Summary: We discover in this sermon that to honor one another above ourselves, we must learn to be humble.
A. One day a group of four young friends were talking about what they would like to do with their lives.
1. The first friend said, “I want to be a congressman so I can draft laws to benefit my countrymen.”
2. The second friend said, “I want to be a lawyer so that I can defend my countrymen.”
3. The third said, “I want to be a doctor so that I can cure my countrymen.”
4. The three friends looked to the fourth and waited for his response. The young man said, “I just want to be a countryman.”
B. That silly little story captures the differences and the challenges we face as human beings called to be like Christ.
1. The giving, serving, other-centered nature of some is very strong and well-developed.
2. But on the other hand, the taking, selfish, self-centered nature of others is also very strong and well-developed.
3. If we are going to experience real Christian community here at Wetzel Road, then we are going to have to overcome our selfish nature and become more other oriented.
C. This morning we continue our study of the “One Another” passages of the New Testament.
1. Last week, if you will recall, we explored what it means to be devoted to one another.
a. We concluded that being devoted to one another required a decision to be devoted to one another, a determination to stick with our decision, and the demonstration of our devotion.
b. That demonstration will include being present, being attentive and being expressive.
2. Today we want to learn something about what it means to honor one another.
I. The Instruction – Honor One Another
A. I point your attention again to the banner on the left – Romans 12:10 says: “Honor one another above yourselves.”
1. This sentence in the Greek is only three words.
2. The first word in the sentence is the Greek word time - which is translated “honor” means “to show honor, respect, reverence.” (Arndt, p. 817)
a. Another Greek scholar defined time as “that respect shown another which is measured by one’s evaluation of another.” (Wuest, p. 214)
3. The second Greek word is the one for one another – allelous.
4. The third Greek word is proegeomai - which appears only here in the NT and means “preferring, leading or outdoing.
B. Let’s look at the wording in the different English translations and see how it comes from the Greek.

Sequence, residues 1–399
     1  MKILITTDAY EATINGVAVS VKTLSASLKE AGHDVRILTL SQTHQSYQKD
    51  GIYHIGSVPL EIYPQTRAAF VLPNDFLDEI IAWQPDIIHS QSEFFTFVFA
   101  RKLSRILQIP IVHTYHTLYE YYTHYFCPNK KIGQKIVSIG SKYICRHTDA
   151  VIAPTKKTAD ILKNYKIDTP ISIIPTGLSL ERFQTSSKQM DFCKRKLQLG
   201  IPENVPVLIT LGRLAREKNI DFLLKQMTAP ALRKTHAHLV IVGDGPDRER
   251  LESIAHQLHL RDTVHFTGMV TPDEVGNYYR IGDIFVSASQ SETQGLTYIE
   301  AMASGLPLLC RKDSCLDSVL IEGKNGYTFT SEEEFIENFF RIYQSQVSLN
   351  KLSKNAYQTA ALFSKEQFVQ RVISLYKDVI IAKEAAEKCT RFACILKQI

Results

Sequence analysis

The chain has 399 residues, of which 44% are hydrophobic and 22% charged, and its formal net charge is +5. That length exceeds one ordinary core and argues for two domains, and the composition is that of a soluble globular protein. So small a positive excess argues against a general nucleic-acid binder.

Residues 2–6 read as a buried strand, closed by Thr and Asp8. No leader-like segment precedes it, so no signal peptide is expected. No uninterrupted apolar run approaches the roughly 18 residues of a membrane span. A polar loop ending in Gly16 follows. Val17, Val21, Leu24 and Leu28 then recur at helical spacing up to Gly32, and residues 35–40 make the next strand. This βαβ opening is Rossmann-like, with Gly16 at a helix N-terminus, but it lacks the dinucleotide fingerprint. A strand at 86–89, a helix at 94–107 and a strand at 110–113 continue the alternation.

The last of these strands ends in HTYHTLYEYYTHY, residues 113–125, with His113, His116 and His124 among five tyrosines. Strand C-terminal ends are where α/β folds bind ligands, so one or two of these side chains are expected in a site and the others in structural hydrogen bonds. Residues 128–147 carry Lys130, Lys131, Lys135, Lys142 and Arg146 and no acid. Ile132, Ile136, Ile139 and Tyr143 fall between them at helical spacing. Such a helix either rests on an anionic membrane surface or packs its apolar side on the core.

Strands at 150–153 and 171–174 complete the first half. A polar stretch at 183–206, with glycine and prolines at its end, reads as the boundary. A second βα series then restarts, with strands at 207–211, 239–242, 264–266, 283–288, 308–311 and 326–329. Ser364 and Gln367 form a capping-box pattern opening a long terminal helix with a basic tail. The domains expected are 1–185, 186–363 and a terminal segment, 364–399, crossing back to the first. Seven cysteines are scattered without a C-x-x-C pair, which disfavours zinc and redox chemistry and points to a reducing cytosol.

1. The NIV says, “Honor one another above yourselves.”
2. The New American Standard says, “Give preference to one another in honor.”
3. The King James says, “In honor preferring one another.”
4. Today’s English Version says, “Be eager to show respect for one another.”
5. The English Standard Version says, “Out do one another in showing honor.”
6. Another translation says, “In showing honor to one another take the lead.”
7. The Message says, “Practice playing second fiddle.”
C. To “honor” means to put value to something, to consider it precious, weighty, to respect.
1. As Christians, sons and daughters of the King, we are to outdo one another in honoring others, considering them as precious and of value.
2. One way to show honor to others is to put their needs, wants and desires before our own.
3. That’s what Paul was getting after in Phil. 2:3-4: Do nothing out of selfish ambition or vain conceit, but in humility consider others better than yourselves. Each of you should look not only to your own interests, but also to the interests of others.
4. I like what William Temple said concerning humility, he said, “Humility does not mean thinking less of yourself than of other people, nor does it mean having a low opinion of your own gifts. It means freedom from thinking about yourself one way or the other at all.”
D. If you are like me, then you have had to struggle with these concepts and principles.
1. Human nature being what it is, most of us are far more concerned about securing honor for ourselves and advancing our own reputations, than we are doing so for others.
2. Backing up Romans 12 to verse 3, we notice that Paul said, “Do not think of yourself more highly than you ought…”
3. And that’s the tendency for many of us. We think too much of ourselves and too little of others.
4. I’m thankful that God has helped me make a lot of progress in this matter, because it was a real struggle for me in my younger years.
5. Many of us do pretty well with the command, “Mourn with those who mourn” but we struggle with the second part – “Rejoice with those who rejoice.”
E. One of the best - worst examples of this was King Saul.